The Disco Sport feels well-built. Most of the switches, dials and materials used feel like they will last a lifetime. Nothing feels flimsy. The instrument cluster is a classic digital twin-pod unit with analog speedo and tachometer plus lots of vehicle info on display including a tyre-pressure monitoring display. The 10-inch touchscreen infotainment system has a simple interface and while intuitive, it looks a bit too old school. Land Rover offers its own apps for this, including navigation.
The Discovery Sport, though an entry-level model for Land Rover, is a fine example of how you would want a full-sized SUV to be. It’s unmistakably Land Rover in design, comes with heaps of off-road ability and offers lots of comfort with the added advantage of an extra row of seats. The petrol engine adds a dash of finesse to the overall 4x4 ruggedness. It’s relatively quieter but doesn’t bail out the driver when it comes to offering a supply of power and torque when needed. The gearbox is clever and manages to eke out the best from the engine and works well in tandem with the four-wheel drive system. Typically, ride has gotten a bit choppy and you may want to not drive it like a sedan just to keep things sane and planted inside the cabin. Land Rover claims a 0-100kph time of 7.9 seconds for this car which we have little to doubt and a 12.5kpl fuel efficiency figure under test conditions. During our test cycle, we could garner only around 10.8 on the highway and 9.9 in the city but we will update that after the standard TG fuel test cycle soon. Nevertheless, there is more to like about this motor and considering its capability, it comes across as a cleverer option too.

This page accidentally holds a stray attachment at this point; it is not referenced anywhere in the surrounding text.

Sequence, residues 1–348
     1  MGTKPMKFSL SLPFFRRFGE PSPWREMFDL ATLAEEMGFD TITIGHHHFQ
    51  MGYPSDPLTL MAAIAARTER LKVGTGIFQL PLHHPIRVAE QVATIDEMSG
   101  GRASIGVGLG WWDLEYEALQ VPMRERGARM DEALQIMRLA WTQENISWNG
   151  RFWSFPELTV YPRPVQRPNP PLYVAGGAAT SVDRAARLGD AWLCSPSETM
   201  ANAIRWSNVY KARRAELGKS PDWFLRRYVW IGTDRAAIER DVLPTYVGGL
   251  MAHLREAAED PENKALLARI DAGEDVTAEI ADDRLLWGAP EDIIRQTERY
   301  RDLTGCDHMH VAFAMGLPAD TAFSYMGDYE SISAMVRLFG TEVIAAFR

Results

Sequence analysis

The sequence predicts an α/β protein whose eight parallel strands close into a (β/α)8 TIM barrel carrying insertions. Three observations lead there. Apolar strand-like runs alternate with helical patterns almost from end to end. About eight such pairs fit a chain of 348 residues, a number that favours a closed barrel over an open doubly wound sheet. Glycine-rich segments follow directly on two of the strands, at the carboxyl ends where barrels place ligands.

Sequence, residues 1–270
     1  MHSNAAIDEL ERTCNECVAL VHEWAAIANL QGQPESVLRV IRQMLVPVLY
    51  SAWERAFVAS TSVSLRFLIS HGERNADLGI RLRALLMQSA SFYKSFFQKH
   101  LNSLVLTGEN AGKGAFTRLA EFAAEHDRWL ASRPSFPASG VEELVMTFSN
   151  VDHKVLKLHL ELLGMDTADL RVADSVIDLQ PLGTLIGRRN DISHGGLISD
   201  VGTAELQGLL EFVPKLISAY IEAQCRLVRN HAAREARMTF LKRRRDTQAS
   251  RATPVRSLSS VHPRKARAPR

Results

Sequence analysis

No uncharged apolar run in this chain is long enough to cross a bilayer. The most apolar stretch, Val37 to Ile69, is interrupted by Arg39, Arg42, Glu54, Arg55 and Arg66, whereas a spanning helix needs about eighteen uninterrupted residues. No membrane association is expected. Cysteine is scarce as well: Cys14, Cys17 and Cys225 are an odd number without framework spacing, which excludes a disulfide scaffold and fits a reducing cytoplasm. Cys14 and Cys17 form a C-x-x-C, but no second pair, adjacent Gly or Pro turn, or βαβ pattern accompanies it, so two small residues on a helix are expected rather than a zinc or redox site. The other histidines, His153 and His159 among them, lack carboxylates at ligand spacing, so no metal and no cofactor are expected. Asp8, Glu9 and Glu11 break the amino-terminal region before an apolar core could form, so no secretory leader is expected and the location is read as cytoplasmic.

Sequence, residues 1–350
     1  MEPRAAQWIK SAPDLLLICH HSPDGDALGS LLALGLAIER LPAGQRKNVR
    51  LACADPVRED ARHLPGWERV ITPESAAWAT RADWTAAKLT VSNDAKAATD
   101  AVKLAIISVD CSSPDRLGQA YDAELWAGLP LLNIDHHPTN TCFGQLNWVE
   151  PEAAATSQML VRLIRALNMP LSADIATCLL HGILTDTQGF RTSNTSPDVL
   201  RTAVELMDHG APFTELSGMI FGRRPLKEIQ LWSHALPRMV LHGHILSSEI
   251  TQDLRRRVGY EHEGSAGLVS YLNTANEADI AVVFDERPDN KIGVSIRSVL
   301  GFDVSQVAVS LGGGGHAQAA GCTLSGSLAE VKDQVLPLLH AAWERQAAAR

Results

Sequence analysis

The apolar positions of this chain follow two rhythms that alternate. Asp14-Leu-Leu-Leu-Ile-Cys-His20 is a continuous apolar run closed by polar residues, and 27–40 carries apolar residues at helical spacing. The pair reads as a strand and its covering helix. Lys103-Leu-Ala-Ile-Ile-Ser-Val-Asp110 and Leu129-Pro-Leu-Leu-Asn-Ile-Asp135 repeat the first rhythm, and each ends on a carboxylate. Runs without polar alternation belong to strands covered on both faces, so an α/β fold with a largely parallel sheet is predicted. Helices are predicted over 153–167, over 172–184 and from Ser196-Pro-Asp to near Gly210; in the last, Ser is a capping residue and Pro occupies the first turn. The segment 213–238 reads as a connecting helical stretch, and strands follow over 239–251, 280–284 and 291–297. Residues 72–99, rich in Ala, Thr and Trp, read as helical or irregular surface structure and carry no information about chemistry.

1997cc, 4cyl, petrol, 237bhp, 340Nm, 9A, 4x4
0-100kph 7.9s, top speed: 204kph, 12.83kpl (claimed)
Price: Rs 50.18-53.75 lakh (ex-showroom)